How to set up a crypto wallet 2022

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A crypto wallet is an area in which you could competently keep your crypto. There are many specific styles of crypto wallets, however the maximum popular are hosted wallets, noncustodial wallets, and hardware wallets.
Which one is proper for you relies upon on what you need to do together along with your crypto and what form of protection net you need to have.

Hosted wallets

The most popular and easiest to set up crypto wallet is a hosted wallet. When you buy crypto using an app like Coinbase, your crypto is automatically held in a hosted wallet. It’s called hosted because a third party holds your crypto for you, much like a bank holds your money in a checking or savings account. You may have heard of people “losing their keys” or “losing their USB wallet” but with Hosted Wallet you don’t have to worry about any of that.
The biggest advantage of keeping your crypto in a hosted wallet is that if you forget your password, you won’t lose your crypto. One drawback to a hosted wallet is that you can’t access everything crypto has to offer. However, this may change as hosted wallets begin to support more features.

  1. Choose a platform you trust. Your main considerations should be security, ease of use, and compliance with government and financial regulations.
  2. Create your account. Enter your personal info and choose a secure password. It’s also recommended to use 2-step verification (also called 2FA) for an extra layer of security. 

Buy or transfer crypto. Most crypto platforms and exchanges allow you to buy crypto through a bank account or credit card. If you already own crypto, you can also transfer it to your new host wallet for safekeeping.

Self-custody wallets

A self-custody wallet, like Coinbase Wallet, puts you in full control of your crypto. Non-custodial wallets do not rely on a third party – or “custodian” – to keep your crypto safe. While they provide the necessary software to store your crypto, the responsibility for remembering and protecting your password falls entirely on you. If you lose or forget your password — often called a “private key” or “seed phrase” — there’s no way to access your crypto. And if someone else finds out your private key, they will have full access to your assets.
Why have a non-custodial wallet? In addition to full control over the security of your crypto, you can also access more advanced crypto activities such as yield farming, staking, lending, borrowing, and more. But if you just want to buy, sell, send and receive crypto, a hosted wallet is the easiest solution.

How to set up a non-custodial wallet:

  1. Download a wallet app. Popular options include Coinbase Wallet.
  2. Create your account. Unlike a hosted wallet, you don’t need to share any personal info to create a non-custodial wallet. Not even an email address.
  3. Be sure to write down your private key. It’s presented as a random 12-word phrase. Keep it in a secure location. If you lose or forget this 12-word phrase you won’t be able to access your crypto.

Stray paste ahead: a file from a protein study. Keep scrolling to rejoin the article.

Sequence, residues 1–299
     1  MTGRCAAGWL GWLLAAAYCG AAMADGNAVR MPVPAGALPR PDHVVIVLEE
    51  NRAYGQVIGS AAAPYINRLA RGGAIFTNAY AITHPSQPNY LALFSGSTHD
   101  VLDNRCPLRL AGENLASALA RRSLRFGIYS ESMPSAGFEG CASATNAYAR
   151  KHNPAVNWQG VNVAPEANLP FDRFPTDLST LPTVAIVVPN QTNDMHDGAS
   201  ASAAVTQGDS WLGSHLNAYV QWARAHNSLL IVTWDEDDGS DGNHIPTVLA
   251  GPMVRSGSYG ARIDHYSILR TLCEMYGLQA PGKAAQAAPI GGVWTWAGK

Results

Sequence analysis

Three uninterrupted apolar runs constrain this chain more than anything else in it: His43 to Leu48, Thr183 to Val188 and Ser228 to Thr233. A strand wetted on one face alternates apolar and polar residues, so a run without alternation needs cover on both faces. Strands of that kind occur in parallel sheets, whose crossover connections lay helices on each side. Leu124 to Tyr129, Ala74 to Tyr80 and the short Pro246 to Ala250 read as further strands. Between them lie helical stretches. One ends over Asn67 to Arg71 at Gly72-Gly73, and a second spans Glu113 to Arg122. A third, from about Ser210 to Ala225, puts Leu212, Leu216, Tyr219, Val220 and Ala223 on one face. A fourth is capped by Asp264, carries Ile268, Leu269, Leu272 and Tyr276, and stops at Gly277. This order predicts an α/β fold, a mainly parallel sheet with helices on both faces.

4. Transfer crypto to your wallet. It’s not always possible to buy crypto using traditional currencies (like US dollars or Euros) with a non-custodial wallet, so you’ll need to transfer crypto into your non-custodial wallet from elsewhere. 

If you’re a Coinbase customer, you have a choice of a hosted wallet or a self-custody wallet. The Coinbase app, where you buy and sell crypto, is a hosted wallet. You can also download the standalone Coinbase Wallet app to take advantage of the benefits of a non-custodial wallet. Some of our customers have both, making it easy to buy crypto with traditional currency as well as participate in modern crypto activities. Setting up any wallet is free.

Hardware wallets

A hardware wallet is a physical device, about the size of a thumb drive, that stores the private keys in your crypto offline. Most people don’t use hardware wallets because of their increased complexity and cost, but they do have some advantages – for example, they can keep your crypto safe even if your computer gets hacked. However, this advanced security makes them inconvenient to use compared to software wallets and can cost upwards of $100 to purchase.

How to set up a hardware wallet

  1. Buy the hardware. The two most well-known brands are Ledger and Trezor. 
  2. Install the software. Each brand has their own software that’s needed to set up your wallet. Download the software from the official company website and follow the instructions to create your wallet.
  3. Transfer crypto to your wallet. Similar to a non-custodial wallet, a hardware wallet typically doesn’t allow you to buy crypto using traditional currencies (like US dollars or Euros), so you’ll need to transfer crypto to your wallet.

Just as there are many ways to store cash (in a bank account, in a safe, under the bed), there are many ways to store crypto. You can keep things simple with a hosted wallet, have full control over your crypto with a non-custodial wallet, take extra precautions with a hardware wallet, or even have multiple types of wallets. Are — the choice is yours with crypto.